Interactivity (Nina Kowalke)

After reading the following sources:

http://object.ariellehein.com/readings/theartofinteractivedesign-ch1.pdf

http://worrydream.com/ABriefRantOnTheFutureOfInteractionDesign/

http://www.erasmatazz.com/library/the-journal-of-computer/jcgd-volume-9/why-is-interactivity-so.html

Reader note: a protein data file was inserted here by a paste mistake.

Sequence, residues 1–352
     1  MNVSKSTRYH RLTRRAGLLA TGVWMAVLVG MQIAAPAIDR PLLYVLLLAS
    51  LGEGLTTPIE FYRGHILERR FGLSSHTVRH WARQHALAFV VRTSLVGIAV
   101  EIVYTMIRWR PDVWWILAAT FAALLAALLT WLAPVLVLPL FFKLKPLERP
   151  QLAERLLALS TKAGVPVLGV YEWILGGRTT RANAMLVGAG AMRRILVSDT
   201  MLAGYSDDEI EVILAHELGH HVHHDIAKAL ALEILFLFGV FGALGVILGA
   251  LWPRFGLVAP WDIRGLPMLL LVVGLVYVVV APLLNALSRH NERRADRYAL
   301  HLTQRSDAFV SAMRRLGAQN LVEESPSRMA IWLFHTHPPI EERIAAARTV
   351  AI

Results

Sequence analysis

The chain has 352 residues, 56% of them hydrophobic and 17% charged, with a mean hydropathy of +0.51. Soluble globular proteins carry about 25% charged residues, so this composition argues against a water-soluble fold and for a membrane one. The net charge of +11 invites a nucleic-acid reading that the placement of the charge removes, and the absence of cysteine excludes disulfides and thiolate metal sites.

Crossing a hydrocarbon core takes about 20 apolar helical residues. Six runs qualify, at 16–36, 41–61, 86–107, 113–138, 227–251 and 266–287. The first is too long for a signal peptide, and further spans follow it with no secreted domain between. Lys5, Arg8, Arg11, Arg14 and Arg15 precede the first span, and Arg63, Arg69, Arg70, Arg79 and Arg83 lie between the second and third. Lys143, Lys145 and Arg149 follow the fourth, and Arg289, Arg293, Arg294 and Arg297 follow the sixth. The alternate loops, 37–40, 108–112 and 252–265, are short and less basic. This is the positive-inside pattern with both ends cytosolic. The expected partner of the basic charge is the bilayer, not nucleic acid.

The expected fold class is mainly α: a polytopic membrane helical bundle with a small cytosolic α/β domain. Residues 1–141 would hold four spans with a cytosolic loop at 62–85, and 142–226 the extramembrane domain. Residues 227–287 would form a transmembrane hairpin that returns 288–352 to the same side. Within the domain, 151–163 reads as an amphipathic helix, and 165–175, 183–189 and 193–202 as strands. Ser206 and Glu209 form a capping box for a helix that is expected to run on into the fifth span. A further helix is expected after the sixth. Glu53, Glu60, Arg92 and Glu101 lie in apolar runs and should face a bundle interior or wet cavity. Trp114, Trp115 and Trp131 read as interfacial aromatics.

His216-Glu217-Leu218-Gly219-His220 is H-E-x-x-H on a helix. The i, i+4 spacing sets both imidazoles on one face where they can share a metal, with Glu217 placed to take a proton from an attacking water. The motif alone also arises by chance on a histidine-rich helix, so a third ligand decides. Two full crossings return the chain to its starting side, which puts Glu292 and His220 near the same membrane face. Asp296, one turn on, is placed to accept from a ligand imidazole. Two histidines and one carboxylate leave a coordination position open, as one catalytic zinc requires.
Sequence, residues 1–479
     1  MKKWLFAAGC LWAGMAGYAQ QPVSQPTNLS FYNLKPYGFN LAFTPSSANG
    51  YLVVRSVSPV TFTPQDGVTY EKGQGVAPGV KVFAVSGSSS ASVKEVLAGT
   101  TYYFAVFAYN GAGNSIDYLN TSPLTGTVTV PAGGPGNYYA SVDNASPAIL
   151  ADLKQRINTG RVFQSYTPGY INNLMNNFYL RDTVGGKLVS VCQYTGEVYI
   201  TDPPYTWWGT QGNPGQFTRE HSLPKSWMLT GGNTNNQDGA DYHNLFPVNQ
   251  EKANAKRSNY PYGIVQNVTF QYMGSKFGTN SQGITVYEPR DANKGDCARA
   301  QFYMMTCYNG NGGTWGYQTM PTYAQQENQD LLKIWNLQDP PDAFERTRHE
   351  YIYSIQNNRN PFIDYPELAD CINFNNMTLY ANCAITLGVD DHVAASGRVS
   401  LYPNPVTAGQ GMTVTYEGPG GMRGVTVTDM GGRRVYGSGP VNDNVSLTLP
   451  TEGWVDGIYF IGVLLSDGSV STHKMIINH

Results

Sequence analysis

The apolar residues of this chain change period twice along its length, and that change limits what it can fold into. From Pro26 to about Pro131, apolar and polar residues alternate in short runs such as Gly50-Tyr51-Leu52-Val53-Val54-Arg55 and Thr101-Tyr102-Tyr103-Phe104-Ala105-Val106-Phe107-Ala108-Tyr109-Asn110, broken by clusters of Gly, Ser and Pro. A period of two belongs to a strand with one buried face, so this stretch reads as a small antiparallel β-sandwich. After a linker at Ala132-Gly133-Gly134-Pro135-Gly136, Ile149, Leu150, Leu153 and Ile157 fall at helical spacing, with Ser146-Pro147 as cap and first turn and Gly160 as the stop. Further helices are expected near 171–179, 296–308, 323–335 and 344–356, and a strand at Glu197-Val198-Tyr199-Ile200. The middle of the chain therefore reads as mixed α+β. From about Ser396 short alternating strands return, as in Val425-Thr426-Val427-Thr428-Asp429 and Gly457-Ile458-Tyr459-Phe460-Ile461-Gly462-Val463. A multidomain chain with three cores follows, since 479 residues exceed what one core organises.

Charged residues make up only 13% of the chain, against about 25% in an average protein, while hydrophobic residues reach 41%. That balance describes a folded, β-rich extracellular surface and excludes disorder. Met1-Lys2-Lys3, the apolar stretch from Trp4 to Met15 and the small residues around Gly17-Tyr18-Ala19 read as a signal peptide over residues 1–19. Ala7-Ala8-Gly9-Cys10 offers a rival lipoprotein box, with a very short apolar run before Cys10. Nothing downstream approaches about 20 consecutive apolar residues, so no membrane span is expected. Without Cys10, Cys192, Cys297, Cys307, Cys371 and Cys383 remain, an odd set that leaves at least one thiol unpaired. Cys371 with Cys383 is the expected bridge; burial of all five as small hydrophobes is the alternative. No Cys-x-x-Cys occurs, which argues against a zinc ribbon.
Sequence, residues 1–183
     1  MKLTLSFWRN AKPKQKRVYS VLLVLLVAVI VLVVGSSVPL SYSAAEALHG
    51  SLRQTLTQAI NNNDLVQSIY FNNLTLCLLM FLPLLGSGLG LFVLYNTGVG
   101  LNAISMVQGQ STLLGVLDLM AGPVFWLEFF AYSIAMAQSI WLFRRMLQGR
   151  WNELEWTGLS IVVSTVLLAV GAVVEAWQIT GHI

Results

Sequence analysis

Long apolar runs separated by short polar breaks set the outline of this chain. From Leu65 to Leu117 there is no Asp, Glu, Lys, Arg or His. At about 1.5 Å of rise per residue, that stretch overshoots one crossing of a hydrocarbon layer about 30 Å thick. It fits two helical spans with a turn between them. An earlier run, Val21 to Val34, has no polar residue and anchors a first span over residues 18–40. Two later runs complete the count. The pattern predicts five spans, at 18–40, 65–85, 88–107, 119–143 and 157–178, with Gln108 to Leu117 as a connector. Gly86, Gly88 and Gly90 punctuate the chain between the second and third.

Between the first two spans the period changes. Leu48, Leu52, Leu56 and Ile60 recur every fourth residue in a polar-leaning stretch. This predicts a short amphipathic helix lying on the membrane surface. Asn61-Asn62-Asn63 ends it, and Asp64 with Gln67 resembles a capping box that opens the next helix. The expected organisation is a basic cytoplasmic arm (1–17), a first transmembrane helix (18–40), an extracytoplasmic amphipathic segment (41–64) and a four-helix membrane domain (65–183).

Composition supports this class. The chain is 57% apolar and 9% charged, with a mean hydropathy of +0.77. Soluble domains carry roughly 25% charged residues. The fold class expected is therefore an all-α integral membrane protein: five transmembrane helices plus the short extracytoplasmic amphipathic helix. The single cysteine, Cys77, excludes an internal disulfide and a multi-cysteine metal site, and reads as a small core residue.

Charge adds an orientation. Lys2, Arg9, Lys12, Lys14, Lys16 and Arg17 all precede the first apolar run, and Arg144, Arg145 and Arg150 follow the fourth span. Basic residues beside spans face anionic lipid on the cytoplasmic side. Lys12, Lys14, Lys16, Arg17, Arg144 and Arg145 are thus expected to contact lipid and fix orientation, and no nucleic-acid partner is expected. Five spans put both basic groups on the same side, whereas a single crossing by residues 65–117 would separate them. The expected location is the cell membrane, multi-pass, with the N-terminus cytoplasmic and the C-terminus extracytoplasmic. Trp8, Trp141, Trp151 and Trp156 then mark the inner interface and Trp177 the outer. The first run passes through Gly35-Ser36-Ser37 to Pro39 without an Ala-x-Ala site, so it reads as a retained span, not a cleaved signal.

I have come to these conclusions.  In defining “interaction” I agree with Chris Crawford’s definition that suggested that interaction must involve two actors who in a metaphorical sense “listen, think, and speak”.  I also really appreciated his concept that interactivity must be looked at as a gradual scale rather than a definite characteristic, this seems to be an answer to many debates about wether or not an item is interactive.  This principle allows objects to be somewhat interactive, extremely interactive, or a range of possibilities in between.  Good physical interaction, according to Crawford involves both actors listening, thinking, and speaking fully and well.  I love his example of a conversation and how each of these parts when done well and with purpose make a conversation strong and enjoyable just as they do with interaction in design.  I would say an example of technology that is interactive but might not be immediately thought of as interactive could be Netflix. Netflix interacts with the user by providing recommendations for things to watched based on past watched shows/movies.  Each time the user watches something Netflix listens to that, processes what other shows might interest the user and then speaks back to the user by providing more recommendations; this cyclical process continues on.  In reflecting on the easiness of achieving interactivity, I agree with Crawford that it is hard to achieve.  I think that interactivity in the most basic form could be easy to achieve, however, a high degree of interactivity is difficult.  I have noticed this in class as we have tried to come up with more advanced interactive systems and have struggled to move past a basic stage of interactivity.  The picture I used to have when thinking about interactivity looked like an interaction between user and device in which some action resulted of the user’s behavior.  On this level, interaction is easy to achieve.  However, to reach full interaction, the kind the crawford discusses takes a lot more thought and purposeful design.

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